Drugmaker Pfizer announced Friday that its experimental antiviral COVID-19 pill cuts the risk of hospitalization and death by nearly 90%.
Pfizer released preliminary results Friday of its study of 775 adults. Patients who received the drug, combined with another antiviral called ritonavir, shortly after showing COVID-19 symptoms had an 89% reduction in their combined rate of hospitalization or death after a month, compared to patients taking a placebo. Fewer than 1% of patients taking the drug needed to be hospitalized and no one died. In the control group, 7% were hospitalized and there were seven deaths.
“We were hoping that we had something extraordinary, but it’s rare that you see great drugs come through with almost 90% efficacy and 100% protection for death,” Dr. Mikael Dolsten, the company's chief scientific officer, said in an interview.
The treatment consists of 30 pills given over the course of five days, including 10 ritonavir pills. The ritonavir slows down the breakdown of Pfizer's pill, known as PF-07321332, and allows it to remain in the body longer. (If authorized, the Pfizer pill would be known as Paxlovid.)
“Today’s news is a real game-changer in the global efforts to halt the devastation of this pandemic," Pfizer CEO and Chairman Albert Bourla wrote in a statement. "These data suggest that our oral antiviral candidate, if approved or authorized by regulatory authorities, has the potential to save patients’ lives, reduce the severity of COVID-19 infections, and eliminate up to nine out of ten hospitalizations."
Study participants were unvaccinated, with mild-to-moderate COVID-19, and were considered high risk for hospitalization due to health problems like obesity, diabetes or heart disease. Treatment began within three to five days of initial symptoms, and lasted for five days. Patients who received the drug earlier showed slightly better results, underscoring the need for speedy testing and treatment.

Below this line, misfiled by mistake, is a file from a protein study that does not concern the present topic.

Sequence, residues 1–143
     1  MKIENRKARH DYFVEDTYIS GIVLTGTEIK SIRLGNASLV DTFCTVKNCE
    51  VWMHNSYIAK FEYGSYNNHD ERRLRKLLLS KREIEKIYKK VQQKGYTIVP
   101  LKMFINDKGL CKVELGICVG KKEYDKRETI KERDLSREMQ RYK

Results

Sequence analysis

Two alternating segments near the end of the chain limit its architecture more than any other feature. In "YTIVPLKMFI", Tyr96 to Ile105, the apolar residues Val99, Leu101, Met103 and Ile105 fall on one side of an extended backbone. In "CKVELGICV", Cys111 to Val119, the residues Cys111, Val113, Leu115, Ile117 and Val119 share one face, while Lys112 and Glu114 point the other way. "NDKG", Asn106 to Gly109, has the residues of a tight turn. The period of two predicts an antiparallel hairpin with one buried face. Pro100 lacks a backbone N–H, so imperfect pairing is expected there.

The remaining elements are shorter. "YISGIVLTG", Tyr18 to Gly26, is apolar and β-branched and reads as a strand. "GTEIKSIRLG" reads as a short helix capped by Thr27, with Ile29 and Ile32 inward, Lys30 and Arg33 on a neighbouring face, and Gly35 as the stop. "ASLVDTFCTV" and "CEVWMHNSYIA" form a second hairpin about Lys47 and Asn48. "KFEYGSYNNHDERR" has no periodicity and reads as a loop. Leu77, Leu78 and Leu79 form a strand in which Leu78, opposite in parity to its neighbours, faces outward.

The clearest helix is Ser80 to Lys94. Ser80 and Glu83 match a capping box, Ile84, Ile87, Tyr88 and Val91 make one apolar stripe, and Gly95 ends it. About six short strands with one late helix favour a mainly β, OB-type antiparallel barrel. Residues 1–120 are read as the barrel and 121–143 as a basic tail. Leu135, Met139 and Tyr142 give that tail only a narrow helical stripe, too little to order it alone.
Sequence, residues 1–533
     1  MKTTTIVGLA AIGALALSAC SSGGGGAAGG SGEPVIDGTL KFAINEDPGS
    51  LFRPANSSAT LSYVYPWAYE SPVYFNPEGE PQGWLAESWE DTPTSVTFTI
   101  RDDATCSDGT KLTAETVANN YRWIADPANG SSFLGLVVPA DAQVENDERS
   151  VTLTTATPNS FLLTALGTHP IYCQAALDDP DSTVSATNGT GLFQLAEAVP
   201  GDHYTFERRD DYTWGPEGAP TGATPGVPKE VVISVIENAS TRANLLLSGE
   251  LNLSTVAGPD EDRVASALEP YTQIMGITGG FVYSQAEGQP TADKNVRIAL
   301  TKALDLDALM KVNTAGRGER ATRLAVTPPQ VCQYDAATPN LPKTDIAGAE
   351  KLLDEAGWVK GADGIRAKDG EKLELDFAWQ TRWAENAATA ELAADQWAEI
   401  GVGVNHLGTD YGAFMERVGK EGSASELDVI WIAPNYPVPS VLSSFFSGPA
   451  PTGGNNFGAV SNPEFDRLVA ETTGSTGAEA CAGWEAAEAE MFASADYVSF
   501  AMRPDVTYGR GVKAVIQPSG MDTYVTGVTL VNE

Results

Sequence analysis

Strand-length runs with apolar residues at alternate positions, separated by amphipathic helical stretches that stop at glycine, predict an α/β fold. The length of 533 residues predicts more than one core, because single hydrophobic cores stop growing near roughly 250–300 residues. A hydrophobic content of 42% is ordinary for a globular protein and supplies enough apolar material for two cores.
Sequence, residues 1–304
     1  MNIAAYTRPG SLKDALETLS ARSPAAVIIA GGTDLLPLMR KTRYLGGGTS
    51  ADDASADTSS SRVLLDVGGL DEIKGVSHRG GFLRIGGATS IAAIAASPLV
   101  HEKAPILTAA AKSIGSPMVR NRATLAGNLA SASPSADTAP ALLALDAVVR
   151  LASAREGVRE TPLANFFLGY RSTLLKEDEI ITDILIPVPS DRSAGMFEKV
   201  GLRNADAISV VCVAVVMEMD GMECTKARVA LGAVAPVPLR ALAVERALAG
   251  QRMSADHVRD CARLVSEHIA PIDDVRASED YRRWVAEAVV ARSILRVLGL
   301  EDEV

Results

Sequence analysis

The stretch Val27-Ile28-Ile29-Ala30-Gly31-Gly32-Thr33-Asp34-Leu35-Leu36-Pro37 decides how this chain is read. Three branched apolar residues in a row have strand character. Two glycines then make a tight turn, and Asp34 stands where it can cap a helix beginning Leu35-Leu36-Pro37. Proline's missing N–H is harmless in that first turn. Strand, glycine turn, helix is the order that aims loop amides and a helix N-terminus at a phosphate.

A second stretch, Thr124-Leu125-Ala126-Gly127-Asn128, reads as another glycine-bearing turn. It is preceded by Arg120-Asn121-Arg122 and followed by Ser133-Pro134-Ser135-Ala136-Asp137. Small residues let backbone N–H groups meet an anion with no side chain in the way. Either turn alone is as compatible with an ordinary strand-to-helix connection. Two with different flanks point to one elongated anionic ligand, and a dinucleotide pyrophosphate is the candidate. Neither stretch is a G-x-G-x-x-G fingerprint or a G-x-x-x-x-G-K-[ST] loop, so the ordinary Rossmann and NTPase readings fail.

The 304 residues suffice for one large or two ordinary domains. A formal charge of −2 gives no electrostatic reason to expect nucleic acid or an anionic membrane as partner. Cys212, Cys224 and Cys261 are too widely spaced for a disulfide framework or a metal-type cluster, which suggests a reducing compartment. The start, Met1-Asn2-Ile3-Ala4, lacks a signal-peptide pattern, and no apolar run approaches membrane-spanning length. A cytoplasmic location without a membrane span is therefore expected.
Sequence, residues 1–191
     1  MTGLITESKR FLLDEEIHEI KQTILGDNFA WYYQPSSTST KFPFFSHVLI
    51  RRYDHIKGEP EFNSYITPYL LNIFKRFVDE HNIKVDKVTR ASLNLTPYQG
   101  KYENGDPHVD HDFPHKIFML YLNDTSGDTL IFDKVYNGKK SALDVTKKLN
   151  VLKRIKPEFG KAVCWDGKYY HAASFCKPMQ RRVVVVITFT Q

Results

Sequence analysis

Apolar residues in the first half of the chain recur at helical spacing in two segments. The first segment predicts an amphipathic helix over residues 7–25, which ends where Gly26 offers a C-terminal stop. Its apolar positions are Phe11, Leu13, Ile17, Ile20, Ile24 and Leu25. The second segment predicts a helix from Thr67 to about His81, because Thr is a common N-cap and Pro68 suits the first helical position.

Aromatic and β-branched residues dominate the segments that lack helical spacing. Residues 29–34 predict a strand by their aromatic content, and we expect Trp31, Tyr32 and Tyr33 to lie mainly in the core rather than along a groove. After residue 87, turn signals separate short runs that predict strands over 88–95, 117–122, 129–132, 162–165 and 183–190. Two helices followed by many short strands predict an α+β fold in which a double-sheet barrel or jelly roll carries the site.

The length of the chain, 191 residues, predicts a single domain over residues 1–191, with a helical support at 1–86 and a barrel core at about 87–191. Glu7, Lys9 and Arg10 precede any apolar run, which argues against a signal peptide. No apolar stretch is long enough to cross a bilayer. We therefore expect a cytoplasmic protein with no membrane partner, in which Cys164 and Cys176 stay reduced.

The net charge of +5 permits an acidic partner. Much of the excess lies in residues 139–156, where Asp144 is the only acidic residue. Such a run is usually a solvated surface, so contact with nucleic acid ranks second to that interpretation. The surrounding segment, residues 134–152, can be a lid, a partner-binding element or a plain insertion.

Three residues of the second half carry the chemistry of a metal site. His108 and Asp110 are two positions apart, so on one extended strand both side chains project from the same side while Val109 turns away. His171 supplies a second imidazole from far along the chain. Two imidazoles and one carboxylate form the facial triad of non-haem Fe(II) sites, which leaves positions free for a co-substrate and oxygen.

Pfizer reported few details on side effects but said rates of problems were similar between the groups at about 20%.
"Given the continued global impact of COVID-19, we have remained laser-focused on the science and fulfilling our responsibility to help healthcare systems and institutions around the world while ensuring equitable and broad access to people everywhere," Bourla added.
The data has not yet been peer reviewed, but Pfizer will submit results for review and publication. The company said that an independent board of experts monitoring the trial recommended that it be stopped early because it proved so effective; the practice is standard procedure when interim results show such a clear benefit.
Pfizer says it will seek regulatory review from the U.S. Food and Drug Administration (FDA) and international regulators as soon as possible.
The only other antiviral approved by the FDA – remdesivir, sold under the brand name Veklury – is administered intraveinously.
The news comes one day after regulators in the United Kingdom granted conditional approval to a similar oral antiviral COVID-19 treatment from Merck. The FDA is convening a meeting of its advisers to discuss the pill in late November.
The Associated Press contributed to this report.